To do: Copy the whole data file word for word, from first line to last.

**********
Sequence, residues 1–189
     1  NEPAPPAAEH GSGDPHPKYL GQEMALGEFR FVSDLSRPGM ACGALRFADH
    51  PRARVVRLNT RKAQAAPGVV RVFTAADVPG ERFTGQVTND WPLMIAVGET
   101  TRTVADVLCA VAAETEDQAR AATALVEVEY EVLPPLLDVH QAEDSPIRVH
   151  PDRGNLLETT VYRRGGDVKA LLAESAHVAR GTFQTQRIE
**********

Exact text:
Sequence, residues 1–189
     1  NEPAPPAAEH GSGDPHPKYL GQEMALGEFR FVSDLSRPGM ACGALRFADH
    51  PRARVVRLNT RKAQAAPGVV RVFTAADVPG ERFTGQVTND WPLMIAVGET
   101  TRTVADVLCA VAAETEDQAR AATALVEVEY EVLPPLLDVH QAEDSPIRVH
   151  PDRGNLLETT VYRRGGDVKA LLAESAHVAR GTFQTQRIE